Unfortunately, the remote’s flat shape is not an easy fit to your hand, and the button layout is not one that lends itself to fast memorization.
Aside from the fact that the sound coming out of the HomeDock Deluxe into my amplifier was as good as anything I’ve tried, I’m afraid the rest of this review is pretty much downhill from here.
I’m not a typical geek. I do at least skim through user manuals. I found myself repeatedly puzzled over a few items in the manual, which didn’t match what I was seeing with the HomeDock Deluxe. Turns out, the manual had to be printed before DLO had completely finished the firmware, and some last-minute changes were made. DLO does reveal this tidbit on the product’s support FAQ page (note, I said support FAQ, not the general FAQ on the main product page) and provides an updated manual as a PDF download, but I imagine there’ll be some customers who’ll not figure this out. Aren’t you glad you read about it here at ATPM?
Since I’m talking about the manual, I’ll also point to one little nugget that is still written in the revised manual. Page 22 talks about connecting standalone powered speakers to the HomeDock Deluxe. Step two says to “Connect the included RCA-to-mini Audio Adapter…” The box I received—which did appear to be a standard off-the-shelf retail box—contained no such adapter.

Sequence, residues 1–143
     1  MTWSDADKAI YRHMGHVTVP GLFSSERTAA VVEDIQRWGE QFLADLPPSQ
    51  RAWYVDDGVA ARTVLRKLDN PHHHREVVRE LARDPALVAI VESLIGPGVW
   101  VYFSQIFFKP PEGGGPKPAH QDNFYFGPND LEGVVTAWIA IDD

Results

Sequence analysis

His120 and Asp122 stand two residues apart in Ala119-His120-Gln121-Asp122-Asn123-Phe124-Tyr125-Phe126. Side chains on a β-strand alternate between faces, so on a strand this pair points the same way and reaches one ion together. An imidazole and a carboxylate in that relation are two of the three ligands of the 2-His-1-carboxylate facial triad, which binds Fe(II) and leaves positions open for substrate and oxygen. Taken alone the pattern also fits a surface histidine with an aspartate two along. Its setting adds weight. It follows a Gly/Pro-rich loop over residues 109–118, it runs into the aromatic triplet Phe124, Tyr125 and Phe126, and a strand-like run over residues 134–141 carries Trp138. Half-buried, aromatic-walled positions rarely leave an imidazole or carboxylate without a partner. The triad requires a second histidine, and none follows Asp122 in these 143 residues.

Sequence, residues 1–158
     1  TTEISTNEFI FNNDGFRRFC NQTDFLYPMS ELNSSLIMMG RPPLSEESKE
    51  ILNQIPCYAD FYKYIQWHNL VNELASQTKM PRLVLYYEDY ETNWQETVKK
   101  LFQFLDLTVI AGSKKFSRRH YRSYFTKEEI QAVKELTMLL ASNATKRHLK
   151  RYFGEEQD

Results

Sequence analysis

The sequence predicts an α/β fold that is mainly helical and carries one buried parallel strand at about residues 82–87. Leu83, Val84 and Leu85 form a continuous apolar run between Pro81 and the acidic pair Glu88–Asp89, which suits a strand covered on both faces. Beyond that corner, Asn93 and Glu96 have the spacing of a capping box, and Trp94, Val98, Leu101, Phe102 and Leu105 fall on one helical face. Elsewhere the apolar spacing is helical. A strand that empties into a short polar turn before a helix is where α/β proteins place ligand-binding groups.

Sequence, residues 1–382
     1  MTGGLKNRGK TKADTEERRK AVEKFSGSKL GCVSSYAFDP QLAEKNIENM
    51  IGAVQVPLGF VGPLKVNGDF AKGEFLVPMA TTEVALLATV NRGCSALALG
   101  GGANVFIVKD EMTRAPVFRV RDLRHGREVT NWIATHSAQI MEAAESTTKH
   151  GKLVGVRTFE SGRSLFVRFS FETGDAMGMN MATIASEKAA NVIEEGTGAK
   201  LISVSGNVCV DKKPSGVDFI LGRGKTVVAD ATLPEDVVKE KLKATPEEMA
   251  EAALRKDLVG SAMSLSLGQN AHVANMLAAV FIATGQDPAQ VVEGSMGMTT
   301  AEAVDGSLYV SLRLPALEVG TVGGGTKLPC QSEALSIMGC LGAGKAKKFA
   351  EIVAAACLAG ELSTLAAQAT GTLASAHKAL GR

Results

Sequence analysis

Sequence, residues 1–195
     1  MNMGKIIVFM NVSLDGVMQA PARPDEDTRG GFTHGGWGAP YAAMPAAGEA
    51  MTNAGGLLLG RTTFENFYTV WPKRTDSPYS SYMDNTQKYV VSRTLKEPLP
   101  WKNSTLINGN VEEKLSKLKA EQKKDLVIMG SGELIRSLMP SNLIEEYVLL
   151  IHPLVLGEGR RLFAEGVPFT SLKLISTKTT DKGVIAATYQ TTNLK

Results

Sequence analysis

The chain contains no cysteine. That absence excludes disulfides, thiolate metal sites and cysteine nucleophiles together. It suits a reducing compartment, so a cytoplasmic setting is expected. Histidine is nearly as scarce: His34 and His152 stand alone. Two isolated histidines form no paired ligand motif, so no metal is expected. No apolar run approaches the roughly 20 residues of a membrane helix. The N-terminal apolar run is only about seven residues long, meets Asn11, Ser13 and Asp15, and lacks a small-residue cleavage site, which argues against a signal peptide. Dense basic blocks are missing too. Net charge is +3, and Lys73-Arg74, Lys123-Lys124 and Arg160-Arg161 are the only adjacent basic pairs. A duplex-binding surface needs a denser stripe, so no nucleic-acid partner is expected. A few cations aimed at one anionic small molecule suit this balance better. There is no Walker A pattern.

Once I actually began playing some music files, I was reasonably impressed by the on-screen user interface.
The HomeDock Deluxe’s on-screen display is a color-customizable extension of your iPod’s interface. The “My Jukebox” feature is essentially identical to the iPod’s “On-the Go Playlist” feature.
Being the customization junkie that I am, I headed straight for the HomeDock Settings item to see what I could fool with. After very quickly selecting the black color scheme for the menus (seen above), I began looking at the screen saver visualizations that were available.
OK, that was quite blunt, but that word truly came out of my mouth—audibly—when I looked at the visualizations. They’re absolutely pathetic and look as if they came straight out of the 8-bit gaming world of the 1980s. Consequently, the Now Playing display and the Status Bar display were the only two screen saver modes I feel are worth using. Please note that all of these modes—the various information displays as well as the visualizations—are all treated as screen savers. This tidbit will factor again later in this review—several times.
Once I gave up on the visualizations, I started skipping to different tracks. Correction, I started trying to skip to different tracks. The first skip went OK but, within the first second of playback, I knew I wanted to skip that song as well. I pressed the track forward button, and nothing happened. I pressed it again. Still nothing. Finally, on the fourth try, my ears were treated to the next random song. This is when I looked at the display on my television and noticed something peculiar. Turns out, you’ll have to wait for about 10 seconds, plus or minus a few, into a track before you can advance to a new track. The HomeDock Deluxe won’t accept a skip command until after it’s finished gathering data about the currently playing track—something it does at a snail’s pace.